In the 1920s, the Welters Coronet Band played funeral music while accompanying the deceased on the way to the Key West Cemetery but switched to lively gospel music to accompany mourners home from the cemetery. Note the knees socks and uniforms, including caps, worn by band members, making summer burials uncomfortably hot. Other youngsters look on with some envy, as young band members earned a small payment for playing in the band. Small payment or not, it was money any youngster would find helpful. From Key West History, Issue #35 - Key West during the Great Depression

 


 

Sketch of
Mr. Benjamin P. Baker
From his courteous manners and affable bearing, coupled with industry, enterprise and integrity, the furniture annd undertaking business of Mr. Baker continued to grow until March, 1886, when the great fire of Key West leveled his house to the ground and burned up the whole of his stock. Undaunted, he rebuilt.   Full Story >>>

 

 

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Menus!


Formatted for mobiles
Alphabetical
list of Hotels,
Guesthouses and
Vacation Rentals

ALBURY COURT
1030 Eaton Street
(305) 294-9870

ALEXANDER PALMS COURT

715 South Street
(305) 296-6413

ALMOND TREE INN
512 Truman Avenue
(305) 296-5415

ARTIST HOUSE
534 Eaton Strett
(305) 296-3977

ARTIST HOUSE
ON FLEMING

1016 Fleming Street
(305) 294-4043

AZUL KEY WEST
907 Truman Avenue
(305) 296-5152

BEST WESTERN
HIBISCUS MOTEL

1313 Simonton Street
(305) 294-3763

BEST WESTERN
KEY AMBASSADOR
RESORT INN

3755 South Roosevelt Blvd
(305) 296-3500

BLUE MARLIN MOTEL
1320 Simonton Street
(305) 294-2585

CARIBBEAN HOUSE
KEY WEST

226 Petronia Street
(305) 296-0999

COCONUT BEACH RESORT
1500 Alberta Street
(305) 294-0057

COCONUT MALLORY RESORT
1445 S. Roosevelt Blvd.
(800) 958-2628

COMFORT INN
3824 N. Roosevelt Blvd.
(305) 294-3773

CROWNE PLAZA LA CONCHA
430 Duval Street
(305) 296-2991

CURRY MANSION INN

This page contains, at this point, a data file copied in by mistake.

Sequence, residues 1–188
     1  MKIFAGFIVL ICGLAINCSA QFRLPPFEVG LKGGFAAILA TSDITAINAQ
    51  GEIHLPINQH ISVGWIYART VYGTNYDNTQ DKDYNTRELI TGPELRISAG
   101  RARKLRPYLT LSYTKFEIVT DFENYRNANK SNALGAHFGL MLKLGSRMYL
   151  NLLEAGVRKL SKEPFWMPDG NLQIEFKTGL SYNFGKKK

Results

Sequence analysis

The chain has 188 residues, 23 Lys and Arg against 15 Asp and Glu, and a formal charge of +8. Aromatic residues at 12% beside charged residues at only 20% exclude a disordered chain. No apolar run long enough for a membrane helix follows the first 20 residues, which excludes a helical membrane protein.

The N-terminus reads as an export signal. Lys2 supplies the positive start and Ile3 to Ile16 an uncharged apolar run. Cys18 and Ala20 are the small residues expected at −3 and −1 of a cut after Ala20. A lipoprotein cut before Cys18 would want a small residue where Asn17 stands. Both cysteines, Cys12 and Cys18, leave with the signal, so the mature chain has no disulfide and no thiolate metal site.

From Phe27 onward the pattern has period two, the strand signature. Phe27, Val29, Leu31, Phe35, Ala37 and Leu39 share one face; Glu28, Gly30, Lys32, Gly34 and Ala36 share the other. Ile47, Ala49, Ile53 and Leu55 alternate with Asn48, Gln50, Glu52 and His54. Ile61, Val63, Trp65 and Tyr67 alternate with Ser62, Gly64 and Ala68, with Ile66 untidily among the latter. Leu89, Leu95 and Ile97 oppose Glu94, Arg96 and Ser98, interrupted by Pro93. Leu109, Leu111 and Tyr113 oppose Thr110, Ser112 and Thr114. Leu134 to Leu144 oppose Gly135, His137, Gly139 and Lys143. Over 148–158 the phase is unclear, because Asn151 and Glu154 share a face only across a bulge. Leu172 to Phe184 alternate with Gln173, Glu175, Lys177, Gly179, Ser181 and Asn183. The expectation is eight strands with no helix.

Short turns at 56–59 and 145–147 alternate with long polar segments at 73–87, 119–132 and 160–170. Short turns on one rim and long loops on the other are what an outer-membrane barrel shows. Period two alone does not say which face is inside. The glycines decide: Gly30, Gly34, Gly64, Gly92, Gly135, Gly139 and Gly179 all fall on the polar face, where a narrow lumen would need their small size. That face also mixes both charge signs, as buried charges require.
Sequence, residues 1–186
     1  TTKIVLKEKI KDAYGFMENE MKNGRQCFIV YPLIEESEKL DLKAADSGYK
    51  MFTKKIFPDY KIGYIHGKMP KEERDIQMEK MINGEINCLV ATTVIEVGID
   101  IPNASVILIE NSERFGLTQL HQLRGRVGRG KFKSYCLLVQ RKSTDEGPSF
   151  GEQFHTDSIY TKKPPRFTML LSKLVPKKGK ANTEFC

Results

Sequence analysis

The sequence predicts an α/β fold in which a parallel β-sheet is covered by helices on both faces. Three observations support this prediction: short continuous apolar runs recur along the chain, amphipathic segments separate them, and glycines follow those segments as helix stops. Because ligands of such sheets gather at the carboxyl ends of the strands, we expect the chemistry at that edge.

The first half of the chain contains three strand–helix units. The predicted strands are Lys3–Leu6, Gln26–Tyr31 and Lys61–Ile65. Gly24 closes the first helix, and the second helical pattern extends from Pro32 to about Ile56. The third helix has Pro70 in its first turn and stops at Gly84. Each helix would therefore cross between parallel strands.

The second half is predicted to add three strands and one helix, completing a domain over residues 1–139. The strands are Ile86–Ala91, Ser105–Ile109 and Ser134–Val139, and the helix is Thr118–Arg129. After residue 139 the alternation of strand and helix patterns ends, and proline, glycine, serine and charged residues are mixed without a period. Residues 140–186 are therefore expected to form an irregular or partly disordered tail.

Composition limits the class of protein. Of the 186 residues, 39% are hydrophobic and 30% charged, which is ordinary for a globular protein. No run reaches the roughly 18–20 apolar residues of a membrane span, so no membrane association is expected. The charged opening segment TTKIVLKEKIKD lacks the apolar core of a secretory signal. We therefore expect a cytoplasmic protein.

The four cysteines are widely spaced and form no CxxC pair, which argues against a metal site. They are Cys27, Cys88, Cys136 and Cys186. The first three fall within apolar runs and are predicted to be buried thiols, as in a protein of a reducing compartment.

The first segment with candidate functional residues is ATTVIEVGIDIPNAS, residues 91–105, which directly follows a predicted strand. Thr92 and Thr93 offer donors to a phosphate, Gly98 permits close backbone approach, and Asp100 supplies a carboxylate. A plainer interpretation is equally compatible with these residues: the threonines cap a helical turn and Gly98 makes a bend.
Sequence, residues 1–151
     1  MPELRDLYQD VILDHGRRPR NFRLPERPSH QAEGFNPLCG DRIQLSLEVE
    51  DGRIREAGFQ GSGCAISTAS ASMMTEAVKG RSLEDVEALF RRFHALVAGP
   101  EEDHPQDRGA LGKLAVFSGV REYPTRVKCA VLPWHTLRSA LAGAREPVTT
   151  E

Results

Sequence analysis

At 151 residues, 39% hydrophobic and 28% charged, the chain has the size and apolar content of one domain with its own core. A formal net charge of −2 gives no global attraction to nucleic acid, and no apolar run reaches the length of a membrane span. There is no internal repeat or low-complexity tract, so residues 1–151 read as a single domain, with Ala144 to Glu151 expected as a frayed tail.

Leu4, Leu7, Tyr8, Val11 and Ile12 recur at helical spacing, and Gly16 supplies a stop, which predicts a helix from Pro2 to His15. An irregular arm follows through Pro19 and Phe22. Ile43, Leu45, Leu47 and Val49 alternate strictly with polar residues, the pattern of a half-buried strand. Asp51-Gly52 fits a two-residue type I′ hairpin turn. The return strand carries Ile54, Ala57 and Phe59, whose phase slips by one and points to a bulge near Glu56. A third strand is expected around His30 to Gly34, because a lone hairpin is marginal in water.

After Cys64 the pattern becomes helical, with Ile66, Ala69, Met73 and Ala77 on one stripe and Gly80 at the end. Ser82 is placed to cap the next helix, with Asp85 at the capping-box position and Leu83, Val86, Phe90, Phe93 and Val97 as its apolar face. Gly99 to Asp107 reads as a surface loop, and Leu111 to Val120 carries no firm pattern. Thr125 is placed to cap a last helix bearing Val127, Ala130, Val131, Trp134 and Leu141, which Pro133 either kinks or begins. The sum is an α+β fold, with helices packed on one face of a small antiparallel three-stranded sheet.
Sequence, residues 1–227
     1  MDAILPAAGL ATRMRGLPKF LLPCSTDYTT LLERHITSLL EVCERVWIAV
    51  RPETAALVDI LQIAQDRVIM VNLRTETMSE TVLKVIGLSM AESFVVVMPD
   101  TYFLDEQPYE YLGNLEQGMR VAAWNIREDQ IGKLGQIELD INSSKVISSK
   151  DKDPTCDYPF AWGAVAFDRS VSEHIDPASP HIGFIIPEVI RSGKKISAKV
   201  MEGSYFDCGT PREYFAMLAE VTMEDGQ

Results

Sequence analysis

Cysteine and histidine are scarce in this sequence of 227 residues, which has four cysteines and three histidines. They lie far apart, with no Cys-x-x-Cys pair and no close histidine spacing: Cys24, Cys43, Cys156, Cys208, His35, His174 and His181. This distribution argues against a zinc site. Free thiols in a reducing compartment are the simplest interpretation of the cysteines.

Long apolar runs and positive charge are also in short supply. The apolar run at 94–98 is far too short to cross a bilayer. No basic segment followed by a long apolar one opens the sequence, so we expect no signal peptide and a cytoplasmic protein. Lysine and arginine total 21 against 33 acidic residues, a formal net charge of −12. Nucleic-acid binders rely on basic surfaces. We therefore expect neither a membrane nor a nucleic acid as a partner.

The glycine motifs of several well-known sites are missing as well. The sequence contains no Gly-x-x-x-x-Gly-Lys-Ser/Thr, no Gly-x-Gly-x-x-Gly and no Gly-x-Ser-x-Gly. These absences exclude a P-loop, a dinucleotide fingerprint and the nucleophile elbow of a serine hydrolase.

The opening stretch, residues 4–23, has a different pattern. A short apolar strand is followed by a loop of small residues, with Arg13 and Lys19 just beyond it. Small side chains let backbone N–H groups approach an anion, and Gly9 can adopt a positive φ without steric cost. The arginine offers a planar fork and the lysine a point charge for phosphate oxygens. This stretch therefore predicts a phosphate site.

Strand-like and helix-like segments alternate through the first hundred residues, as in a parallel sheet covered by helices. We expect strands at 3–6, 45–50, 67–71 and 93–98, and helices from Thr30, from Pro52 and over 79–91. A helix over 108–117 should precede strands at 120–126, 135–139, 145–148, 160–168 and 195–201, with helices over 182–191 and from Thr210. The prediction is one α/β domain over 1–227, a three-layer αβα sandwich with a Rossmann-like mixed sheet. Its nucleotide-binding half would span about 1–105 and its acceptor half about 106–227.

511 Caroline Street
(305) 294-5349

DAYS INN KEY WEST
3852 N Roosevelt Blvd.
(305) 294-3742

DOUBLETREE GRAND
KEY RESORT

3990 South Roosevelt Blvd.
(305) 293-1818

DOUGLAS HOUSE
419 Amelia Street
(305) 294-5269

EDEN HOUSE
1015 Fleming Street
(305) 296-6868

EL PATIO MOTEL
800 Washington Street
(305) 296-6531

FAIRFIELD INN & SUITES
2400 N Roosevelt Blvd
(305) 296-5700

HISTORIC KEY WEST INNS
725 Truman Avenue
(305) 294-5229

HYATT KEY WEST
RESORT AND SPA

601 Front Street
(305) 809-1234

IBIS BAY BEACH RESORT
3101 N. Roosevelt Blvd.
(305) 296-1043

ISLAND OASIS
635 South Street
305.295-9464

KEY LIME INN
725 Truman Avenue
(305) 294-5229      (800) 549-4430

KEY WEST MARRIOTT
BEACHSIDE HOTEL

(305) 296-8100      (800) 546-0885

LEXINGTON HOTEL KEY WEST
3850 N. Roosevelt Blvd.
(305) 294-6681      (800)533-5024

LIGHTHOUSE COURT
(305) 294-9588      (877) 294-9588

MARQUESA HOTEL
(305) 292-1919      (800) 869-4631

MARRIOTT COURTYARD
WATERFRONT

(305) 296-6595

OCEAN BREEZE INN
625 South Street
(305) 296-2829

OCEAN KEY RESORT
(305)296-7701      (800) 328-9815

OLIVIA BY DUVAL
(305) 797-0221      (877) 565-4842

ORCHID KEY INN
(305) 296-9915      (800) 845-8384

PARADISE INN
819 Simonton Street
(305) 293-8007      (800) 888-9648

PARROT KEY RESORT
2801 N. Roosevelt Boulevard
(305) 292-0032

PEGASUS INTERNATIONAL
HOTEL
 
 
501 Southard Street
(305) 294-9323      (800) 397-8148

PIER HOUSE RESORT
& CARIBBEAN SPA

One Duval Street
(305) 296-4600      (800) 327-8340

SANTA MARIA
SUITES RESORT

1401 Simonton Street
(305)-296-5678      (866)-726-8259

SHERATON SUITES
2001 South Roosevelt Blvd.
(305) 292-9800      (800) 452-3224

SILVER PALMS MOTEL
830 Truman Ave.
(305) 294-8700      (800) 294-8783

SOUTHERN CROSS HOTEL
326 Duval Street
(305) 294-3200      (888) 364-3200

SOUTHERNMOST HOTEL
IN THE USA

1319 Duval St
(305) 296-6577      (800)354-4455

SPANISH GARDENS
1325 Simonton Street
(305) 294-1051      (888) 898-1051

SUITE DREAMS
COTTAGES & SUITES

1001 Von Phister Street
(305) 296-5169      (800) 413-1978

SUNRISE SUITES RESORT
3685 Seaside Drive
(305) 96-6661      (888) 723-5200

SUNSET KEY
GUEST COTTAGES
A WESTIN RESORT

245 Front Street
(305) 292-5300      (888) 477-7786

THE BANYAN RESORT
323 Whitehead Street
(305) 296-7786      (866) 371-9222

THE CASA MARINA RESORT
1500 Reynolds St.
(305) 296-3535      (866) 397-6342

THE CONCH HOUSE
HERITAGE INN

625 Truman Avenue
800-207-5806      305-293-0020

THE GALLEON RESORT
617 Front Street
(305) 296-7711

THE GARDENS HOTEL
526 Angela Street
(305) 294-2661      (800) 526-2664

THE INN AT KEY WEST
3420 N. Roosevelt Blvd.
(305) 294-5541      (800) 330-5541

THE KEY WEST PALMS
820 White St.
(305) 294-3146      (800) 558-9374

THE REACH RESORT
1435 Simonton Street

THE WESTIN KEY WEST
RESORT & MARINA

245 Front Street
(305) 294-4000      (866) 837-4250

TRAVELODGE KEY WEST
3444 N. Roosevelt Blvd.
(305) 296-7593      (800) 578-7878

TRUMAN HOTEL
611 Truman Avenue
(305) 296-6700

WICKER GUESTHOUSE
913 Duval Street
305.296.4275